I suspect that we'll see spreading use of immune cell transfer therapies in the years ahead. The time is right for it: stem cell researchers are continually improving their ability to generate cells to order, knowledge of how the immune system works in detail is growing, and so is the understanding of just how important immune system decline is in aging. Somewhere between today and a future in which an age-damaged immune system can be completely restored to youthful function lies a span of decades in which regular infusions of tailored immune cells are a routine part of older life, a treatment that temporarily enhances immune system function across the board, or which can be used to attack specific targets such as an infection or a cancer.
For this to come to pass the infrastructure for such therapies must improve, becoming more efficient, more reliable, and much less costly than is presently the case. This is happening now, step by step, such the progress cited in this article. It is aimed at use for transplant patients, but should be relevant to a range of similar future applications:
Therapeutic transfer of virus-specific T cells to immunocompromised patients can help battle life-threatening infections, but the process for generating such cells is lengthy and laborious. A [recently published] paper suggests a speedy alternative. Ten days in culture was all it took for researchers to generate multivirus-specific T cells that, when transferred into transplant patients, could wipe out multiple infections at once. "The original manufacturing processes were really convoluted and complicated." They involved using live viruses to infect donor B cells, and then using those cells to stimulate T cells. "With all that, we are talking 10 to 12 weeks of manufacturing." Furthermore, the live viruses in question are considered biohazards. When a procedure is that difficult and hazardous, "it's never going to go beyond specialized academic centers."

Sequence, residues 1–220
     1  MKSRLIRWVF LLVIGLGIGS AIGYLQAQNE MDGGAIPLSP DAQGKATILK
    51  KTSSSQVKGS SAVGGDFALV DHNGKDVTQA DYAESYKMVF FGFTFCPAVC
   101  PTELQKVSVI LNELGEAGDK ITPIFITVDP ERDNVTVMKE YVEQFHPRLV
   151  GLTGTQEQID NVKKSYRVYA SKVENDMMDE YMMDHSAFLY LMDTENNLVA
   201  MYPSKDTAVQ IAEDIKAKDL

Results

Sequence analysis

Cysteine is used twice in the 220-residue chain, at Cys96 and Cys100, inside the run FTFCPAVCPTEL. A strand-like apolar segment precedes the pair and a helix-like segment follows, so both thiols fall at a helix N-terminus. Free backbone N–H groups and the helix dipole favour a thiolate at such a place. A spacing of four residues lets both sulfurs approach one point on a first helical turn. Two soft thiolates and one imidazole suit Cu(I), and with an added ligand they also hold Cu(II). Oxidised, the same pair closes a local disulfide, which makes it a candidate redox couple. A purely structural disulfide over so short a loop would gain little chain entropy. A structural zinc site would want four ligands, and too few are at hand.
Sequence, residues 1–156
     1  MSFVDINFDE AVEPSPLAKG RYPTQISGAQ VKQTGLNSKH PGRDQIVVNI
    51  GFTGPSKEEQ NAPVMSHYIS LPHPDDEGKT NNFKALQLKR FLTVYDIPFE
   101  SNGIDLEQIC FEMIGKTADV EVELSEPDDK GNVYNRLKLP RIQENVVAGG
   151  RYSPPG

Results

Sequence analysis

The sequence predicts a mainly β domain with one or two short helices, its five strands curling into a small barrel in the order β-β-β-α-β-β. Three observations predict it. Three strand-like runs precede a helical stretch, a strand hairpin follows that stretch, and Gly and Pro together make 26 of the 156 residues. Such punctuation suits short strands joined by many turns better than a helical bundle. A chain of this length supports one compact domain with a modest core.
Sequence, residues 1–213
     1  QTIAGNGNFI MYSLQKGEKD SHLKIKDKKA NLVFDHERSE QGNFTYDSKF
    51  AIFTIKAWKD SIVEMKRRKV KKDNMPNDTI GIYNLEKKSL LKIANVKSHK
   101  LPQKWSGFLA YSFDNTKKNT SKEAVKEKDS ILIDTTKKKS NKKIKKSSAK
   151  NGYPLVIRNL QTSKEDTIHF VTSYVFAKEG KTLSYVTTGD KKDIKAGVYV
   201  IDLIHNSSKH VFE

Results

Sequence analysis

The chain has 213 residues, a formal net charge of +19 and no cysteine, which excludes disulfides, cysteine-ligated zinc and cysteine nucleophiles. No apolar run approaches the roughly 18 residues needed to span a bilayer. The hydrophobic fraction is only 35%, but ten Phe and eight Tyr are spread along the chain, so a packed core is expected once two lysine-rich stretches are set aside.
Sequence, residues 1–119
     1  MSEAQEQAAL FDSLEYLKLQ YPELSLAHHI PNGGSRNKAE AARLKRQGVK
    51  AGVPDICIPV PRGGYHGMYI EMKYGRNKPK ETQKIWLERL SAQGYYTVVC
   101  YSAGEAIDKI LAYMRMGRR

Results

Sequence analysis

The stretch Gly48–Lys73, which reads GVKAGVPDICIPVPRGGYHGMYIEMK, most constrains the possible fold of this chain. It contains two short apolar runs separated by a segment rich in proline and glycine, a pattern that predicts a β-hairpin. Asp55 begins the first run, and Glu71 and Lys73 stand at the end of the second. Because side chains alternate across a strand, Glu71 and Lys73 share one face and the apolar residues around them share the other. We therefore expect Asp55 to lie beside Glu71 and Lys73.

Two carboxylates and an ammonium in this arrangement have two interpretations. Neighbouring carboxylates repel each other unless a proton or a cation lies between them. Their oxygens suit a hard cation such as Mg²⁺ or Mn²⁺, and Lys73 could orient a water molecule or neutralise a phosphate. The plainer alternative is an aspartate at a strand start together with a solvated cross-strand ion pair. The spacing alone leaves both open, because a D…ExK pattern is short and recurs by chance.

[The researchers] streamlined the process, bypassing the live virus and B cell steps, and instead stimulating the T cells directly with peptides. A similar technique has been used previously to generate T cells specific for fighting cytomegalovirus. But the new method extends the concept, using a mix of peptides that together cover the antigenic proteins of five of the most common viruses to infect transplant patients.
When active T cell preparations were transferred into bone marrow transplant patients suffering viral infections the cells led, in almost all cases, to resolution of the infections. In eight patients treated, 15 of 18 total infections among the individuals were resolved, while one was reduced. Three additional patients were given the T cells prophylactically and remained infection-free for more than three months. The varying ability of the T cell preparations to tackle multiple viruses is thought to be due to the donor's prior exposure to the viruses in question. That is, if the donor has not tackled the virus before then, their blood would lack the necessary memory T cells. A future goal would be "generating such antigen-specific T cells from naive cells as opposed to people who have already got a T cell memory to the antigens."